Dr Manhattan doesn't perceive time as coexistent, he EXPERIENCES it as such.
There are clues in the syntax Alan Moore uses to articulate Osterman when he is speaking in the first person: notice the tense.
No matter where he is, he always expresses himself in the present tense: 'I am watching the stars', 'The Photograph IS in my hand', 'It IS 1985, I am on Mars'.
He never makes a statement using the past participle, because for him he is experiencing the past simultaneously as the future and as such it is all very much the present for him.
He's a deliberately obtuse creation, and that's why he's discussed so much, because he holds a position and standpoint outside of human experience and understanding.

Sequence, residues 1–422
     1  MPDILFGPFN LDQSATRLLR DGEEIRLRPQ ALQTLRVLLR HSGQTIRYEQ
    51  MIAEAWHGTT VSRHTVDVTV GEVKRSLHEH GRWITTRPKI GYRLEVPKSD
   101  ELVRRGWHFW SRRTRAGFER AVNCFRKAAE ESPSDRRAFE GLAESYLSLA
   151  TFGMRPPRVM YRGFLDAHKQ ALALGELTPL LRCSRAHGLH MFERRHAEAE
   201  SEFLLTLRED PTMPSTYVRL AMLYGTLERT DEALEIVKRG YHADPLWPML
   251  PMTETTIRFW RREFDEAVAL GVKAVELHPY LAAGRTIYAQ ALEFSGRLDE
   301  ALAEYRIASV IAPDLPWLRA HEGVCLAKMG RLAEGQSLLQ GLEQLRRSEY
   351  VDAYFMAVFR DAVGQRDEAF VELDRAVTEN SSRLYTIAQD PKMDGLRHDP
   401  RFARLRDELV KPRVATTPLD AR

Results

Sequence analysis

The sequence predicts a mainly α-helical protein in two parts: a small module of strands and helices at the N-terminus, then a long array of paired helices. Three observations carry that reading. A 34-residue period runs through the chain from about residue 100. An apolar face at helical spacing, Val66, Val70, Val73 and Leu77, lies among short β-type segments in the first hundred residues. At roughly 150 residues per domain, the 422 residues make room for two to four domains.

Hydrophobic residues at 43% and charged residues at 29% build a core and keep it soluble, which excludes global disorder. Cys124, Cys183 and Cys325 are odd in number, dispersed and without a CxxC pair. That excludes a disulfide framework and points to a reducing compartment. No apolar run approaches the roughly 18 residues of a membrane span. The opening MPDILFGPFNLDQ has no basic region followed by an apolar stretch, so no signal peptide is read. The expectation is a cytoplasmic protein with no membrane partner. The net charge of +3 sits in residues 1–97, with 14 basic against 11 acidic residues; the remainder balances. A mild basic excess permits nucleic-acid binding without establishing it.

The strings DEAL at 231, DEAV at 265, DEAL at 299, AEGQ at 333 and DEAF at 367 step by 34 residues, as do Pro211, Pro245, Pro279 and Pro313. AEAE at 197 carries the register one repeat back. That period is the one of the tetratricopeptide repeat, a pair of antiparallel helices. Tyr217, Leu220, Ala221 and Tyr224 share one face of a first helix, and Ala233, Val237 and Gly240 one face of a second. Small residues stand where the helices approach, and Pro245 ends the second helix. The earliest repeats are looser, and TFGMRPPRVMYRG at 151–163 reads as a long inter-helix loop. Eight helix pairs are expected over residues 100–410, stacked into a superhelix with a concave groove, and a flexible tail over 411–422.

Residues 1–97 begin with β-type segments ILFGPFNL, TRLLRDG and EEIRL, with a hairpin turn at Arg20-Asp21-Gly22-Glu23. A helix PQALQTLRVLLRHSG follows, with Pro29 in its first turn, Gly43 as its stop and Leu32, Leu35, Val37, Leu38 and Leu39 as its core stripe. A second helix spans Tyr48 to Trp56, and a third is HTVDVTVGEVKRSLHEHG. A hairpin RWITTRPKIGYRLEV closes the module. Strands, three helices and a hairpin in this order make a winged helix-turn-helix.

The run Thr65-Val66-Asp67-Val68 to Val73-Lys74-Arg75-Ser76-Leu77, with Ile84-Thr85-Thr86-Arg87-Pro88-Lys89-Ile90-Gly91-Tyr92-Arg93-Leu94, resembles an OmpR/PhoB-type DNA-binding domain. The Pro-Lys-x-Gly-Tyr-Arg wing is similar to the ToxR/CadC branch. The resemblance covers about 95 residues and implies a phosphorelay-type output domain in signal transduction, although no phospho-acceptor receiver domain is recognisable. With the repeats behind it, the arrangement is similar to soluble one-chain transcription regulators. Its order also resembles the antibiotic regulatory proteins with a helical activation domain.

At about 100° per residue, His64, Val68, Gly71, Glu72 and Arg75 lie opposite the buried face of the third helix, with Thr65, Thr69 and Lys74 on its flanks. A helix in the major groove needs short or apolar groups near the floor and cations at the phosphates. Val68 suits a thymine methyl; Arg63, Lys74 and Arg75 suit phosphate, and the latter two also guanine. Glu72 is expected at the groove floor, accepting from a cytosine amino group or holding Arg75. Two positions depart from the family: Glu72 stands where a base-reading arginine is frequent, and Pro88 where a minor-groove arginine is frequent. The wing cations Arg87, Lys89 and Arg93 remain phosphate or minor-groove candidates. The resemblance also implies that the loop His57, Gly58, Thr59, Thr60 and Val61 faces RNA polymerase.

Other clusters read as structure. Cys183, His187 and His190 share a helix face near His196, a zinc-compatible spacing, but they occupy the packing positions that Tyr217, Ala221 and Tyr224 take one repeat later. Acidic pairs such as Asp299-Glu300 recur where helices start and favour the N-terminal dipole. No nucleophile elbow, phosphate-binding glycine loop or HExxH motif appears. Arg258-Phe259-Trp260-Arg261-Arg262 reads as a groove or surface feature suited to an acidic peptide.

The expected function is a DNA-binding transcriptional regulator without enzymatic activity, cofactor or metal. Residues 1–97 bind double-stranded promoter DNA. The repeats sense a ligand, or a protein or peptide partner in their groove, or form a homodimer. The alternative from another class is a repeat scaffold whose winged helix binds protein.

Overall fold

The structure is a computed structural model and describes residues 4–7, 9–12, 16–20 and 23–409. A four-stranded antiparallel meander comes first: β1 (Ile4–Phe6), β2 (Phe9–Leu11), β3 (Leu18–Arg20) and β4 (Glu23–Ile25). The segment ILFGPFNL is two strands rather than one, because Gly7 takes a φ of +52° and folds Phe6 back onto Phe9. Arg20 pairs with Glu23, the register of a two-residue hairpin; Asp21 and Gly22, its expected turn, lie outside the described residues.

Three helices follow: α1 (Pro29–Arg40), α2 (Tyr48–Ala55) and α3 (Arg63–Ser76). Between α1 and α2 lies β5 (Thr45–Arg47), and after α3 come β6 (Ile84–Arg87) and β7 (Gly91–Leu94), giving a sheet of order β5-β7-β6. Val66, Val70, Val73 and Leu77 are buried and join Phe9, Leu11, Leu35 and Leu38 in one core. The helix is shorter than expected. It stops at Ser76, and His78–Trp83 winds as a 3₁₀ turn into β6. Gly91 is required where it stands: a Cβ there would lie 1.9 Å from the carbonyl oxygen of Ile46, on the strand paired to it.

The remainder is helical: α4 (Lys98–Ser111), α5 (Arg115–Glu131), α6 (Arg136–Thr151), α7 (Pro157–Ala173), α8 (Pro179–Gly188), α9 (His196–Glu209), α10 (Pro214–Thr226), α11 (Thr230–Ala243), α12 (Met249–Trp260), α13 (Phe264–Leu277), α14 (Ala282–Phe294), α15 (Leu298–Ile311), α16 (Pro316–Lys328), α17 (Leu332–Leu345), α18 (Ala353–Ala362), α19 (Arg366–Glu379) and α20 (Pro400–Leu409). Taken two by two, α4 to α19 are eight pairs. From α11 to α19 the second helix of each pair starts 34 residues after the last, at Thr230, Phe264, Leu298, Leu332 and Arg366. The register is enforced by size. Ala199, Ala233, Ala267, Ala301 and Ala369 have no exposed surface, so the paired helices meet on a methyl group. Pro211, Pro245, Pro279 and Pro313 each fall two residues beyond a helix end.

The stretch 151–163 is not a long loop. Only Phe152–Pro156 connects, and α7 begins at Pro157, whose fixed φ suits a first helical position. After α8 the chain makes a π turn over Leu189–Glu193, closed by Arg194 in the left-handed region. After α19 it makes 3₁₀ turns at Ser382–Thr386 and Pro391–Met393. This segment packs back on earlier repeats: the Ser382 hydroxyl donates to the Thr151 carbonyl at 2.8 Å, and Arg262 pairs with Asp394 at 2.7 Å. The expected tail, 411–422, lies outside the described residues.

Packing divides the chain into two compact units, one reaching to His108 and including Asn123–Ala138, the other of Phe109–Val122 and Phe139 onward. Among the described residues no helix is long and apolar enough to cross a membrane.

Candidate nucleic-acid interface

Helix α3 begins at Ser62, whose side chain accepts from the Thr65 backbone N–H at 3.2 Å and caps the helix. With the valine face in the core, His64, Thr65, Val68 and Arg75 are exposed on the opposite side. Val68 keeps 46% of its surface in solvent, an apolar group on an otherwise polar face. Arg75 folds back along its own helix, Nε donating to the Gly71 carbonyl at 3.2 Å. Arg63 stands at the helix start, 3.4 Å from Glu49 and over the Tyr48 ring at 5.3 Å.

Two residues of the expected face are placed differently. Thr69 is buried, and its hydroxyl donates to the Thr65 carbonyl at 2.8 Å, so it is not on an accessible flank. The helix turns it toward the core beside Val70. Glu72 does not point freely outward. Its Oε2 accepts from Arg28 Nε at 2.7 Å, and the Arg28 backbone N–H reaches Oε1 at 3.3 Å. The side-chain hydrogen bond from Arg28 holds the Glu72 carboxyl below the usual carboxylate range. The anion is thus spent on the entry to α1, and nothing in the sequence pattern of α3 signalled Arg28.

He cannot travel through time, because he is IN and ACROSS time simultaneously. All moments occur simultaneously, and as such time has become an abstract construct for him, one in which the idea of a sequence of moments becomes meaningless.
This doesn't mean he can alter or change time; no more than his very personal history anyway. Whilst he can see what is about to happen as far into his own experience as possible (before tachyon interference, hence his distress that this foresight is impinged upon), he can do nothing to stop its steady march, its progress.
Hence his muted sorrow when Laurie decides to go to dinner with Dan. He knows it is the beginning of an affair that will separate them, but can do nothing to stop it because he has seen into the future and KNOWS that it happens, because he is already experiencing it.
He perceives the world as a 'Watchmaker' would, so to speak:
He knows that 4pm is coming, and nothing he can do will stop 4pm from arriving shortly after 3, and before 5, which is also just as certain to occur. He doesn't try and skip 4pm and move straight onto 5pm, because he knows that's not what happens.